"Data Driven Thinking" is written by members of the media community and contains fresh ideas on the digital revolution in media. Today’s column is written by Sacha Xavier, Partner, Media & Innovation Director for Neo@Ogilvy.
In my July column I wrote about the large number of mobile ad networks chasing a limited amount of advertiser demand. I was surprised to learn that my knowledge of just how many were out there was underrepresented. After the article ran, I received about 40 calls/emails from mobile ad sellers that I hadn't heard of – making my challenge of understanding the publisher space more like an enigma. I decided to dedicate a month to vetting each vendor/publisher in an effort to provide my clients and agency teams with better matches for their mobile strategies. I am a Media Director after all, and I'm sure somewhere in my job description this kind of dirty work is smiled upon.
So, like a desperate girl on the dating scene I said yes to everyone who called me to meet. The majority of these meetings were scheduled as calls because there are not enough hours in the day to have face-to-face meetings with everyone.
Anyway, missing two out of 40 aint bad!
- The advice in my earlier piece received well and wholeheartedly. I found that many of these short calls were more productive than hour-long in-person meetings. We started and finished on time, got right to the point and my questions were answered immediately or followed up on within 24 hours.
- There's a lot of passion for mobile marketing out there… and there are a lot of people who are in to get bought out and collect a check. When the passion prevails I am as pumped up as the person I'm speaking with.
- I learned a lot from all of the ad sellers. Whether it was an anti-climactic conversation or not, this experience taught me what to ask for and has helped my entire agency narrow down choices.
- While yield management, measurement and targeting are still challenges, mobile publishers seem to have much more leverage in technological influence for improvements or suggestions than their "desktop" counterparts.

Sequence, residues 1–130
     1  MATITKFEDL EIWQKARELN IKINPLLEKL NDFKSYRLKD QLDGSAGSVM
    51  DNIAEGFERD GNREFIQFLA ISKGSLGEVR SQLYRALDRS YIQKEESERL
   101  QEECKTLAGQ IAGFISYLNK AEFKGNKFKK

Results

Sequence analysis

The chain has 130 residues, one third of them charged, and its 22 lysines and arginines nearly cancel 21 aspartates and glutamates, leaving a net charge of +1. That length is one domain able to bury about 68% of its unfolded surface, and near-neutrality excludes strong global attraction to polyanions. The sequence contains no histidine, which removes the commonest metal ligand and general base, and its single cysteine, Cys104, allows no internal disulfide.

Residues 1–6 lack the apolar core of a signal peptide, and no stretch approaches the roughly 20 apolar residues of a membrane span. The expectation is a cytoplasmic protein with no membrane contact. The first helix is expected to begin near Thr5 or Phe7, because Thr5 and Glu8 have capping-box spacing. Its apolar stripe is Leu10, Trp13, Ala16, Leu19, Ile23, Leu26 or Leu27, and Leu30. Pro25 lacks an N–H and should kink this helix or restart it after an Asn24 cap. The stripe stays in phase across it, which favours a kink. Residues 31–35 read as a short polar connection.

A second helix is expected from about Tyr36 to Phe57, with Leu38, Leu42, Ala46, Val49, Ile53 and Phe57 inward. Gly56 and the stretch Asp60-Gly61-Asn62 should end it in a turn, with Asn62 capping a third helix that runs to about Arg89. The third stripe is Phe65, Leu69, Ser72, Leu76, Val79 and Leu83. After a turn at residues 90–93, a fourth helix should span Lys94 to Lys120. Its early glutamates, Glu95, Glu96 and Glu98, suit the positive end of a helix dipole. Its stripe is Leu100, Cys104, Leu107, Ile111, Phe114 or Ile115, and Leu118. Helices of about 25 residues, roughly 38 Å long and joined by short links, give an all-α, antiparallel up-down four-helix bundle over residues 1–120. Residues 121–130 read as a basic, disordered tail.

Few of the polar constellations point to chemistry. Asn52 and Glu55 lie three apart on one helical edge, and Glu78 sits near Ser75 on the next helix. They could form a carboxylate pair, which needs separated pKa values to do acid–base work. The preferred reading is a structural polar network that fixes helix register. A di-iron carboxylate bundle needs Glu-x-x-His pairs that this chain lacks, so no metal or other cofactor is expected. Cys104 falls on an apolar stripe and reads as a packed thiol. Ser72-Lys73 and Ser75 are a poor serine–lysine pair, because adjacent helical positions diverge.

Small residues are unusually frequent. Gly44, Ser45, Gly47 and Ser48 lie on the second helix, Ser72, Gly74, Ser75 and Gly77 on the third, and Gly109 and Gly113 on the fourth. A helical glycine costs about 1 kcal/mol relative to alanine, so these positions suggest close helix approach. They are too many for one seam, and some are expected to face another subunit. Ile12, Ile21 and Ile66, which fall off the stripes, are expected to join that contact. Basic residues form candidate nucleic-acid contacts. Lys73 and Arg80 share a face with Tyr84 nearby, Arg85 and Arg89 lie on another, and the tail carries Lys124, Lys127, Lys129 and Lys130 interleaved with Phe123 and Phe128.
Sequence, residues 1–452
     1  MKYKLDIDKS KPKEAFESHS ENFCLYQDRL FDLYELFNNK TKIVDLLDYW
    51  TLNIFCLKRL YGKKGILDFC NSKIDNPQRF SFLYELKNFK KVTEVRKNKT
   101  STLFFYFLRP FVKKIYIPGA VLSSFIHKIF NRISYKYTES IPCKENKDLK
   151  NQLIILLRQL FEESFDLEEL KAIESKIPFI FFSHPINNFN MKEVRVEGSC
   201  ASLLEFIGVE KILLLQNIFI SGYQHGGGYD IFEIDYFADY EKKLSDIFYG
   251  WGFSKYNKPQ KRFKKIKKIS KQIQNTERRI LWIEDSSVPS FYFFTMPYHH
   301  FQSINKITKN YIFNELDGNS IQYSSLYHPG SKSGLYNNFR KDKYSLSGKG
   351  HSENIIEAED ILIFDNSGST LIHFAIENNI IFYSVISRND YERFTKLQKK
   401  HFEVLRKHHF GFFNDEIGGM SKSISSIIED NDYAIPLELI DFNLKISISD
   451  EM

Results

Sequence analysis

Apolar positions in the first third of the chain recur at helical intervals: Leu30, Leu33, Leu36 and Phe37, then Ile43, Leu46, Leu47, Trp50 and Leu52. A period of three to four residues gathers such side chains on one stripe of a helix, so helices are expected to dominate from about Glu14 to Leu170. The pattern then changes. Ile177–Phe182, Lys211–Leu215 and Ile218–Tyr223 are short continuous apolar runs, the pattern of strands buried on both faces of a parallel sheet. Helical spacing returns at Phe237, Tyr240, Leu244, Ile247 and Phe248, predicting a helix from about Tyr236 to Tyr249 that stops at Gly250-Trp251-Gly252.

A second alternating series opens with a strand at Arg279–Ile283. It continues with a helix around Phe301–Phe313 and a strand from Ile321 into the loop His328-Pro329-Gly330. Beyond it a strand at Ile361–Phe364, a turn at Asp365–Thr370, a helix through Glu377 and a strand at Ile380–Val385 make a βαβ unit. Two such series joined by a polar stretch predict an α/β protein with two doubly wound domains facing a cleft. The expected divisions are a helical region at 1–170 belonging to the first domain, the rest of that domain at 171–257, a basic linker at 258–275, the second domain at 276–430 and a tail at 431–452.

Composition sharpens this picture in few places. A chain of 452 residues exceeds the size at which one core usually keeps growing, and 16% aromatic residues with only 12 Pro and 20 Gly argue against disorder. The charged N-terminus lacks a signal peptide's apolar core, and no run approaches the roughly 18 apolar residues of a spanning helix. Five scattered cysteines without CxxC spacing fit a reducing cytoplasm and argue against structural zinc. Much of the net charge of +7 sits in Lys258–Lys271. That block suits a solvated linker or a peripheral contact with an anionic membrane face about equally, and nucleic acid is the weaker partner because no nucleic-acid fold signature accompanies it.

- With this information, my team and I were able to conduct a mobile training (mandatory for all media planners) in which we included a matrix of capabilities for each publisher that I spoke with.
- Two-way feedback is great. As critical as I can be personally, vendors who shared their experiences with me on meeting with my teams was invaluable. We all have room for improvement and I strive to make our teams improve communication in both directions.
What I learned:
- In the mobile space, it's clear that everyone gets water from the same well. For some pure-play resellers, ad inventory is just a commodity, and I have to choose who I buy from based on parameters like service, reporting, technology, and pricing. Not totally shocking information, but many sellers are fully willing to admit this.
- Mobile sellers hated it when I compared them to competitors with similar offerings. I suppose it's like showing up to the party in the same dress as someone else, everyone wants to throw a belt on it to make it look original. In reality it's actually really helpful for me to understand who their competitors are. Frankly, if they are confident in their offerings they shouldn't be embarrassed that someone else on the planet has thought of selling the same thing. I am not playing "Who Wore it Best," I'm just trying to understand what they do.
- Mobile publisher websites often don't match what they are selling. For every call I took I poked around on a seller's website, and rarely was it in sync. If one is selling in an industry where the supply outweighs the demand, a URL is oftentimes the only exposure to potential clients that they'll get.
As in my previous column, after my "month of yes" I have some new suggestions for mobile ad sellers – specifically pertaining to requesting meetings:
- You don't need to ask for an in-person meeting with every one you communicate with. Think of asking for an in-person meeting a little bit like an online dating service. Would you ask someone you've never met or spoken with to come to their apartment to reveal more about yourself? At minimum get a response from your potential client that shows potential interest (another reason why your website should say what you do). It also makes it easier for us to respond with a simple answer. When someone sends me a date/time request on an initial intro I have to play secretary on my response (logistics involved), and that can be a show stopper to my ability to respond in a timely fashion.
- Recap the meetings in a friendly follow-up, but keep in mind the period from introduction to getting an RFP is not a quick one. As I went through all of these meetings, a lot of publishers expected an RFP within a week. Some were very aggressive because we had a pleasant meeting. It's fair to say that when you ask someone for a meeting – lower your expectations. You asked me for time, not the other way around. It's unlikely that I have an RFP just sitting around to send to you. These things take time.
- Don't just show up in-person for a scheduled call. In-person meetings are great for numerous reasons but you have to remember that sometimes the small talk, someone running late, finding a room, getting the projector to work etc. can be a bottleneck in a busy person's day. (With my office being on 11th Ave, many guests are casually 5 to 10 minutes late because no one can ever seem to gauge how bad cross-town traffic is.)
My "Month of Yes" (which is now over, sorry folks) uncovered some fascinating learnings regarding capabilities, personalities and ways to engage potential new partners. My expectations were surpassed and I welcome commentary on future areas of discussion to address.